‘Extremely difficult’ as Archie, 3, has cancer treatment while twin is at home
Archie Wilks has neuroblastoma, a rare childhood cancer. His identical twin brother Henry does not have the disease.
The parents of a three-year-old boy being treated for a rare childhood cancer have spoken of the strain of juggling hospital stays with caring for his healthy identical twin at home.
Archie Wilks is being treated for neuroblastoma at Addenbrooke’s Hospital in Cambridge and is frequently separated from his identical twin brother Henry who remains at the family home in Saffron Walden, Essex.
“Living on a child oncology ward and either missing their twin brother or juggling looking after them when you’re home is indescribable,” Archie’s father Simon Wilks told PA.
Archie was diagnosed with neuroblastoma in January this year after becoming ill and unable to stand a few weeks earlier.
Two tumours were found around his kidney and spine and the disease had spread to other areas, including his bones and bone marrow.
He started rapid COJEC chemotherapy – eight lots of chemotherapy 10 days apart – which aims to reduce the size of the tumours ready for surgery.
But during the treatment, Archie developed sepsis and chemotherapy could not continue until he was well enough to have his Hickman line replaced.
Scans which followed the rapid COJEC chemotherapy showed the tumours were stable but had not reduced in size.
Archie is now on cyclo-topotecan (two different chemotherapy drugs) which doctors at Addenbrooke’s hope will shrink the tumours. Scans in a few weeks will check if the tumours have shrunk enough to allow Archie to have surgery.
The Tottenham Hotspur fan could then undergo stem cell harvesting, intense chemotherapy in isolation, radiotherapy and immunotherapy, with treatment expected to last around 18 months in total.
“As anyone would expect, this has been an extremely difficult time for our family,” said Mr Wilks, a manager for motor insurance company HIC in Bishop’s Stortford, Hertfordshire.
“Due to the nature of the disease, the treatment is very aggressive and has knocked Archie’s immune system for six.”
A few months ago, Mr and Mrs Wilks, who married in Florida in May last year, were warned that there was a chance the cancer had spread to Archie’s lungs. Thankfully it was just an infection which has since cleared.
“This was the hardest time we’ve had to go through, and led us to talking about what we would do if the worst was to be confirmed, which no parent wants to be doing,” Mr Wilks said.
“The mental strain of seeing your child go through this is felt by all our family and friends.”
He added: “Also the physical impact of not moving much whilst on the ward, with Archie being bed-bound for weeks at a time is hard.
“As one parent has to stay on the ward, we’ve had to take it in turns to either be at the hospital or at home with Henry and we’ve taken to judging this by how mentally or physically strong either one of us feels at the time as to how many days straight we’ll take on the ward.
“This has all happened at a time when the boys seem to be changing from babies to boys and it’s been comforting to see them both growing into cheeky and clever children despite everything that is going on around them.”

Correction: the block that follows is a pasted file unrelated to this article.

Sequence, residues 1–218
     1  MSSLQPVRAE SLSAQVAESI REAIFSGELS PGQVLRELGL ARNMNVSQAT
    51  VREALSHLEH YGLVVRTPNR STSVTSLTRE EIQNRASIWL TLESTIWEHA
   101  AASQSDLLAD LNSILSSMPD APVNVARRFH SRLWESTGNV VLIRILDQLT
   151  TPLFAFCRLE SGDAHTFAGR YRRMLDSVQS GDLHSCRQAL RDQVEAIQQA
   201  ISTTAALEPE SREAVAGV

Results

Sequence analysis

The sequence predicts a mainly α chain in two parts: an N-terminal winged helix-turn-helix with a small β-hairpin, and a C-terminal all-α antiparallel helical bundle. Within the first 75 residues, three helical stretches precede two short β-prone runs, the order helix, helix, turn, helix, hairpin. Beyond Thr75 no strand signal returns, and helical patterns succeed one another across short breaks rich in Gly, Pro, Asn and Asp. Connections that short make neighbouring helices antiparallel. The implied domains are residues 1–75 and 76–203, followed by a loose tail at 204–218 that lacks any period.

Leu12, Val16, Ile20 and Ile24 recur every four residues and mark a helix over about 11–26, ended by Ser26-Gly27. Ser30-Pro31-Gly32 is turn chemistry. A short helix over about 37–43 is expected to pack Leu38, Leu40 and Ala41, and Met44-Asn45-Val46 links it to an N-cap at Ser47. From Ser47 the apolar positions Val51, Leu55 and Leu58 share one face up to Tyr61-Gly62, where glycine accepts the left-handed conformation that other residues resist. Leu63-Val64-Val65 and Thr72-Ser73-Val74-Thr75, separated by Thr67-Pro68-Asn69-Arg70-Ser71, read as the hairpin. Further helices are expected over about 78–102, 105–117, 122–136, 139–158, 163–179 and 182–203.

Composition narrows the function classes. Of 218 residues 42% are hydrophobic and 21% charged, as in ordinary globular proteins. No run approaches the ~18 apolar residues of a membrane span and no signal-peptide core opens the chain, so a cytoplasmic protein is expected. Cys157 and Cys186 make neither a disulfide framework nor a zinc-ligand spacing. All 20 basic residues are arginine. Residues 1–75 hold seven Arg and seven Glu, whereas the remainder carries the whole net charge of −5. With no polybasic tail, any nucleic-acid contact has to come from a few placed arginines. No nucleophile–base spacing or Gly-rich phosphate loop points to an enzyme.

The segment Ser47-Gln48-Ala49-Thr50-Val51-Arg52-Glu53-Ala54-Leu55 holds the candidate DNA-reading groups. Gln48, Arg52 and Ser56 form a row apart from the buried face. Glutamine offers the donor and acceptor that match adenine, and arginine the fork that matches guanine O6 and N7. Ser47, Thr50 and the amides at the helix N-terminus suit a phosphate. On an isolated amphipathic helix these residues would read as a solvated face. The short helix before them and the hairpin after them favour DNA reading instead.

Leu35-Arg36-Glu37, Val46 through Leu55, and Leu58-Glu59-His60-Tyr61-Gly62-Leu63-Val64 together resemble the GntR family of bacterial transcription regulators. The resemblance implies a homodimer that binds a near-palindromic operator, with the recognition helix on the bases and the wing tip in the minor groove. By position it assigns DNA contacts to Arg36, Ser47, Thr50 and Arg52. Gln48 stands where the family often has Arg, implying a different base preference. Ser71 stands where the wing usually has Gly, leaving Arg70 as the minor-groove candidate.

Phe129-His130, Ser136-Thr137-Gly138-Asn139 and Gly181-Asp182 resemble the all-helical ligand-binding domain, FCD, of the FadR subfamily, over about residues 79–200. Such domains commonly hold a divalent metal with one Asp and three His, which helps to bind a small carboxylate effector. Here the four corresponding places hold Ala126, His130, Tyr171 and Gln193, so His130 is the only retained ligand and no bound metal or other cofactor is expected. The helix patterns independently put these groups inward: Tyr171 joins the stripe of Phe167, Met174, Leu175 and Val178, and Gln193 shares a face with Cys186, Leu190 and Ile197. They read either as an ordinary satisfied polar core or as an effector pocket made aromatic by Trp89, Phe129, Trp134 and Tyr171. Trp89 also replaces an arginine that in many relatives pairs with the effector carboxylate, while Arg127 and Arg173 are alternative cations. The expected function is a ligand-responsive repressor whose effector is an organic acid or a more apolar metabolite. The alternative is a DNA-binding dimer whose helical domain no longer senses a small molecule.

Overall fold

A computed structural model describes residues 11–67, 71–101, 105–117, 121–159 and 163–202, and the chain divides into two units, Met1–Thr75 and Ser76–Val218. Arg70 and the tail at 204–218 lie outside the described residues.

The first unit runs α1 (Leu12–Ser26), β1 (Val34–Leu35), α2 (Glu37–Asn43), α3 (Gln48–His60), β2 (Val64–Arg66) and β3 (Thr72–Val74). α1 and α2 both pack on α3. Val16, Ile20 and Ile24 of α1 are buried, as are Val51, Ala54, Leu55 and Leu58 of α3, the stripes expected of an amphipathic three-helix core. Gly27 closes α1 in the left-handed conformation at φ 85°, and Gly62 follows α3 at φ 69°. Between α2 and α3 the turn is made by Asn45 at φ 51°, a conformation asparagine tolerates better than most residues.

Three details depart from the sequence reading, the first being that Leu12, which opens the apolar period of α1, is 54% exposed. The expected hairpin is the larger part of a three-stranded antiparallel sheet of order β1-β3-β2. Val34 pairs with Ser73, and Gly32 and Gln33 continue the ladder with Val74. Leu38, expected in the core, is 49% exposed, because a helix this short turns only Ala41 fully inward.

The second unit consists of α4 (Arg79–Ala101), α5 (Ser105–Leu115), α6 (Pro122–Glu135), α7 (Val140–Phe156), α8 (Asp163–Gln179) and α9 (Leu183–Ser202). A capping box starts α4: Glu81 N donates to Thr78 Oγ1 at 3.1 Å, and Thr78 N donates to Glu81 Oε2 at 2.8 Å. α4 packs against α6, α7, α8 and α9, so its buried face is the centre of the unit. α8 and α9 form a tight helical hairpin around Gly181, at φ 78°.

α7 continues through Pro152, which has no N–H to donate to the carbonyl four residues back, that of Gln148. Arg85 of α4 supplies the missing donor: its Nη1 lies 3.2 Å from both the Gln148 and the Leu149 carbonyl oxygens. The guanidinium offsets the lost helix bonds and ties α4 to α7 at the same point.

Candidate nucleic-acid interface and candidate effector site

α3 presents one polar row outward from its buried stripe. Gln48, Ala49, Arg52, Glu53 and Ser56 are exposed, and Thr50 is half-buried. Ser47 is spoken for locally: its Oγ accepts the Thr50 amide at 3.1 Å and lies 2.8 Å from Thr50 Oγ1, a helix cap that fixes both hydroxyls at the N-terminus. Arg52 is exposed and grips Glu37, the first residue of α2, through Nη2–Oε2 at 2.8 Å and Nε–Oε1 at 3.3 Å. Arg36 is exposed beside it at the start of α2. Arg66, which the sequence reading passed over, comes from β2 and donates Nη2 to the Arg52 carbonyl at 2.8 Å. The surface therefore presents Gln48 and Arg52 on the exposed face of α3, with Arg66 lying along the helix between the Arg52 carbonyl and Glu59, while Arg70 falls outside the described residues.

While Mr Wilks, 31, and his 29-year-old wife Harriet – an auditor for the same insurance firm – care for their twins, others are donating and raising money towards their £200,000 target to enable Archie to take part in a vaccine trial in the US which could reduce the chance of the cancer returning once Archie is in remission. More than £70,000 has already been raised.
“It’s amazing to see how all our family, friends and even strangers have been touched by Archie’s situation and have looked to help us by being with Henry, taking the odd night with Archie or fundraising/donating to Archie’s cause.”
The family found out about the vaccine trial at Memorial Sloan Kettering Cancer Centre in New York while researching neuroblastoma.
“The treatment is worth doing as they have research and results that show it can reduce or remove the chance of a child relapsing from the disease,” said Mr Wilks.
“50% of children successfully treated for neuroblastoma will relapse. If a child relapses with neuroblastoma, 90% will not survive.
“This treatment will look to reduce the chance of that happening and allow us all to know we have done everything possible to give Archie the best chance at life.”
“The fundraising has completely blown us away. We are so overwhelmed by the support from everyone,” he added.
“Family, friends and even people we have never met are not only donating, setting up or supporting fundraisers, but are also giving us a huge amount of mental support with their efforts and acts of kindness.
“It’s one thing to have close family and friends helping to raise money for Archie, but to also have strangers contact us and tell us how they are going to help, and people raising hundreds or thousands holding events such as quiz nights and fun days and doing sponsored runs and skydives is truly amazing.”
He said it had given the family “a boost at this difficult time”.
“We still have a long way to go to reach Archie’s target and we can’t thank everyone enough that is helping to give Archie and our family the belief that he will get through this and reach his target along the way,” he said.
To donate, visit https://www.justgiving.com/campaign/archiesjourney
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